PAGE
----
- Court-ordered sobriety program participation
- Driver license suspension
For repeat offenders, prison/jail terms and other sentencing guidelines may be subject to enhancement. Additionally, if there is property damage or injuries as a result of the BUI restitution may be required. If a BUI involves a fatality, it may be charged as manslaughter.
Multiple BUIs in Utah
Multiple BUI convictions in Utah can have serious consequences. Depending on the circumstances, penalties for multiple BUI convictions in Utah can include:
- Second BUI – If you are charged with a second BUI within 10 years of a prior BUI conviction, that is a class A or B misdemeanor. This can result in a minimum of 10 days in jail, 240 hours of community service, or 240 hours of home confinement, and up to $1,500 in fines and fees.
- Third BUI – If you are charged with a third BUI within 10 years of two prior BUI convictions, that is a third-degree felony. This can result in up to five years in prison or 1,500 hours of home confinement or jail time. In addition, you could face up to $2,800 in fines and fees.
It is essential for individuals who have been charged with their second or third BUI to understand the full scope of what they're up against if they want to make informed decisions about their case. Bottom line, if you have been charged with a second or third BUI in Utah, it is important to consult with an experienced BUI defense lawyer, because these penalties can be severe and negatively impact your life for years to come.
Federal Boating While Under the Influence Charges (BUI)
Operating a vessel while under the influence of alcohol or drugs is a federal offense commonly referred to as Boating Under the Influence or BUI. Section 46 USC 2302 (c)/33 CFR 95 outlines the regulations regarding BUI, and if you are found on federal waterways in a vessel while under the influence, you could face federal charges.
A Federal BUI charge is a serious crime with severe penalties upon conviction:
- Operating a boat with a blood alcohol content of .05% or greater is illegal in Utah.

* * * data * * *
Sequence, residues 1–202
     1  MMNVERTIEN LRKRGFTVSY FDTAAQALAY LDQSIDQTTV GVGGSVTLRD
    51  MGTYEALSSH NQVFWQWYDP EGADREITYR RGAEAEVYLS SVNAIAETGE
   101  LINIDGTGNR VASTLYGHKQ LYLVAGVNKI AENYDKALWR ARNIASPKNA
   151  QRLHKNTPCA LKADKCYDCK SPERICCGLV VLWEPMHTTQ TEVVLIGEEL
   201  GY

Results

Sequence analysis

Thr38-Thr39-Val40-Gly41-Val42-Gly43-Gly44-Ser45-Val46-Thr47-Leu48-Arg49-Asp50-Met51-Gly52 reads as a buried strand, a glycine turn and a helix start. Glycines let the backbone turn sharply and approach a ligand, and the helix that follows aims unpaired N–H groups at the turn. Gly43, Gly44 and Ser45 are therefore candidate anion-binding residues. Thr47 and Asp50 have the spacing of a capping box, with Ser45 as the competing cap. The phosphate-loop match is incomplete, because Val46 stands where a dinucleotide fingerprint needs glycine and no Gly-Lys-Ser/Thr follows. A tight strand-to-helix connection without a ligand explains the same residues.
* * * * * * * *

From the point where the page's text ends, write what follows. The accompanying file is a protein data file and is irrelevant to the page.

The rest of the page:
- Some states may suspend boating licenses or revoke privileges upon conviction of boating while under the influence.
- Boaters caught operating under the influence may face fines, jail time, criminal charges, and mandatory enrollment in a substance abuse treatment program or an alcohol education class.
- A federal BUI charge can result in the loss of driving privileges and have an impact on driving records and insurance coverage.
- Boats may be seized, impounded, and even sold at auction for those found guilty of boating while under the influence.
An operator of a recreational boat who has a blood alcohol content of .05% in Utah is subject to penalties that include a civil penalty of up to $1,000, a criminal penalty not to exceed $5,000, one-year imprisonment, or both. If a Coast Guard official cites an intoxicated operator, they can also be cited by state or local law enforcement officials, which could result in further criminal penalties, including arrest, fines, and loss of motor vehicle driving privileges.
Ready to Start Your Defense Today
An arrest doesn’t automatically mean guilt. You still have a chance to fight the charges against you with the help of a St. George BUI defense lawyer. I am prepared to guide you through the complexities of the criminal justice system and ensure you get the most favorable outcome.
I am committed to helping you get your charges/penalties reduced or your entire case dismissed. I can thoroughly review your case, figure out your available legal options, and protect your rights and future throughout the legal process. With more than 33 years of legal experience with over 100 jury trials under my belt, I understand what it takes to obtain the best possible results inside and outside the courtroom.
Providing representation for BUI cases in Lake Powell, Gunlock Reservoir, Sand Hollow Reservoir, Quail Creek Reservoir, and Zion National Park.
Call (435) 740-8460 today for more information about my legal services in Washington County.